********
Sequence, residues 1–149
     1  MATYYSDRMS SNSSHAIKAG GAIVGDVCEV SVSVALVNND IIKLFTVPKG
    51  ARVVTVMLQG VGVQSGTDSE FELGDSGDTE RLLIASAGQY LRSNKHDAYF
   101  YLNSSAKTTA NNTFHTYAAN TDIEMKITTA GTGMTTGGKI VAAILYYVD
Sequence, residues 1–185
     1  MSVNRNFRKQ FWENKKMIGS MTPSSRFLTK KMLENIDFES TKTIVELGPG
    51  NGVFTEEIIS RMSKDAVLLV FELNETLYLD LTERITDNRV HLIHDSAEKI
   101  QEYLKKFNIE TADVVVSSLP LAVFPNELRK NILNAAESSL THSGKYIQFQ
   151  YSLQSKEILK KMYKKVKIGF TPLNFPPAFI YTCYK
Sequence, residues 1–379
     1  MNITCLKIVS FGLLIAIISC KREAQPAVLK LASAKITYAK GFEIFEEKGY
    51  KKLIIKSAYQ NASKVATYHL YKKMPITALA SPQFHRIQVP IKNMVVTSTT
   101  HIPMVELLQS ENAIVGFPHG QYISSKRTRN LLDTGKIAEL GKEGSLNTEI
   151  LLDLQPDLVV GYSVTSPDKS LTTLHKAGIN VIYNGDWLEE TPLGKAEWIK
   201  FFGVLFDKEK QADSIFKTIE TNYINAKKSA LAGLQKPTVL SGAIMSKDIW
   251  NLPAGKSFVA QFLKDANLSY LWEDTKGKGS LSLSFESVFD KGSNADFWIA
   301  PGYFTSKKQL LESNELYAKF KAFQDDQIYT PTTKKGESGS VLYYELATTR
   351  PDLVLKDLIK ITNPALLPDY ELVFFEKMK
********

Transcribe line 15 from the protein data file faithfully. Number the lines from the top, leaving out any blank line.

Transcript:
   201  FFGVLFDKEK QADSIFKTIE TNYINAKKSA LAGLQKPTVL SGAIMSKDIW